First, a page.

Preview: Youth Conferences kick-off this weekend

Boroughmuir, Stirling County, Ayr/Wellington, Mackie RFC, GHA and West of Scotland to compete in top tier Inspiresports Boy’s National Club Conference

Boroughmuir edged out West of Scotland in last season's Under-18 Youth Cup Final. Image: © Craig Watson -
Boroughmuir edged out West of Scotland in last season's Under-18 Youth Cup Final. Image: © Craig Watson -

YOUTH club rugby begins this week at that start of what is a compact league/cup season that has been designed to conclude in December, similar in form to that of the schools formats. In a change from previous seasons, the Youth Cup will follow on immediately after the the league programme, thus avoiding the long near two month gap between semi-finals and the final itself which occurred last season.

The real reason behind this scheduling, however,  is simply to clear the decks for representative rugby in the post Christmas period and to avoid the better players – those in national and regional squads – being pulled in different directions simultaneously. But in any case, January has so often proved a problematic month for fulfilling fixtures for a number of reasons, one of which is the perennial headache (for planners) of school prelims, and, of course,  there is likely bad weather conditions in January that can play havoc with scheduled matches.

The pre-Christmas formula, up to a point, works for schools rugby and ought do so for clubs. Both sectors of age-grade rugby, however, will have to be imaginative in their planning for the post New Year period, and hopefully it can be an opportunity to have integrated club versus school contests for those players not involved in national squads.

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Like the schools format, the apex of the club structure now looks to have a competitive appearance. Six proven clubs (Boroughmuir, Stirling County, Ayr/Wellington, Mackie RFC, GHA and West of Scotland) form the elite league, called the  Inspiresports Boy’s National  Club Conference.

Boroughmuir, who have a large squad at under-18 level, are the defending champions and will again be strong contenders despite losing a number of star players. Muir are at home this Saturday to Mackie, who carry the flag for the North East.

New to the top tier this season is GHA, who showed their strength last season by winning the National Youth Under-16 Cup. The expectation is that a number from that victorious squad will be playing at under-18 level this season, all of which bodes well for the Braidholm side. GHA are on home turf for their opening match against Ayr/Wellington, a club well seasoned in the demands of the top league, and which, having fielded a young side last season, can expect to perform well this term.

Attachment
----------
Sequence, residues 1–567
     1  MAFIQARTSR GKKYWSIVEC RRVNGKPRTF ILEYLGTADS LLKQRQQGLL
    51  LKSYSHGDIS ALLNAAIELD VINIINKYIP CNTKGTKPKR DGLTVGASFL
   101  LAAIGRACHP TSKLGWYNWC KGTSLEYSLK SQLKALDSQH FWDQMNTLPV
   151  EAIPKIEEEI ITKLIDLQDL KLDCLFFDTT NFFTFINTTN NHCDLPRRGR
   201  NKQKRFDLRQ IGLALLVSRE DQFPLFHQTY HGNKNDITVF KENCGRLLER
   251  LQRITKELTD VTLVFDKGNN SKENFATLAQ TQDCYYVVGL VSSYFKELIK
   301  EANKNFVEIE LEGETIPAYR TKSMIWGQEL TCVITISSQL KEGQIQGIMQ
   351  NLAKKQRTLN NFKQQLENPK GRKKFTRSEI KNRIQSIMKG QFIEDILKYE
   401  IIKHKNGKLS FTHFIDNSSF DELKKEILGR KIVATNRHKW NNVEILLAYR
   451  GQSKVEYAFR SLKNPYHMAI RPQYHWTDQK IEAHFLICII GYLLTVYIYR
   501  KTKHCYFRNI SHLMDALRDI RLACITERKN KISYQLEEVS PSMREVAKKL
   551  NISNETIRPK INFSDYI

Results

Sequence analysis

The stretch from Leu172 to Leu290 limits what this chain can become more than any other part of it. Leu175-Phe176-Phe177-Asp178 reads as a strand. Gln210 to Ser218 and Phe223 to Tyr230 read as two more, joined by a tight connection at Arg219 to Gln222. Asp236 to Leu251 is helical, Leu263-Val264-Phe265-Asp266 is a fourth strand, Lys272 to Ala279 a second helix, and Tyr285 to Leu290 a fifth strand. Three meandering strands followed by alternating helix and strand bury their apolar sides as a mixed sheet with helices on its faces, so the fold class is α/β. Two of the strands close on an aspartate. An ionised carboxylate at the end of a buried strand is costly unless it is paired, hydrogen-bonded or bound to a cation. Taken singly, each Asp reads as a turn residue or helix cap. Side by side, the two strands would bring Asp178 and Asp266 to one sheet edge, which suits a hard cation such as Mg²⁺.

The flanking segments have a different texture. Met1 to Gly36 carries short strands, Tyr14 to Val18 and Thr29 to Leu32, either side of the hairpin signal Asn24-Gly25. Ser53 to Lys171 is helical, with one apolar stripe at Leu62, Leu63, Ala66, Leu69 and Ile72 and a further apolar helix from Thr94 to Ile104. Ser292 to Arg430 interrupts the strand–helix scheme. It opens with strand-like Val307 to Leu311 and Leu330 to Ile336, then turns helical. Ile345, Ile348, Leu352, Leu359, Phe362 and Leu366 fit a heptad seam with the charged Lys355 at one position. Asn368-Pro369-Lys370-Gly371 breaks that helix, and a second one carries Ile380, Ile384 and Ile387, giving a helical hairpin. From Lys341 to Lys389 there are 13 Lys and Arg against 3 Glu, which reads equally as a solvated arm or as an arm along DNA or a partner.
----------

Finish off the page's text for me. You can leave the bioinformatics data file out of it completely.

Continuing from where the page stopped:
The third game in the top echelon is between West of Scotland and Stirling County at Burnbrae. West improved hugely last season, evidenced by their performance in the final of the under-18 Cup, where they came within a minute of sharing the title with all-conquering Boroughmuir. Likewise, Stirling County, whose name is synonymous with excellence in youth rugby, emerged from last season’s Cup with credit having just lost the under-16 final to GHA, suggesting that the Bridgehaugh side will be strong at under-18 level this term.


One layer below the national league are the ‘regional’  leagues, the Inspiresport’s Boys West Conference and similar for Caledonia. The West Conference looks competitive this season with big hitters Biggar and Dumfries Saints, each of which had representatives in the Glasgow and West under-18 side for the recent FOSROC Series, being challenged by Currie Chieftains, Dunfermline, East Kilbride, Whitecraigs , Dalziel and Kilmarnock.

In the Caledonia Conference, Aberdeen Wanderers, Ellon, Moray/Huntly and Gordonstoun give the competition a distinct North East flavour, while Highland, now relieved of the pressure of being in the top tier, join Dundee Rugby Club and Perthshire to make up a seven-strong grouping.

Traditionally club rugby at youth level has been strong in the Borders where its eight teams (Hawick Youth, Melrose Wasps, Peebles Colts, Gala Wanderers, Kelso Quins, Selkirk YC, Jed Thistle and Duns) are again joined by four clubs from the North of England (Tynedale, Morpeth, Alnwick and Carlisle Colts) to form the Borders Semi Junior League.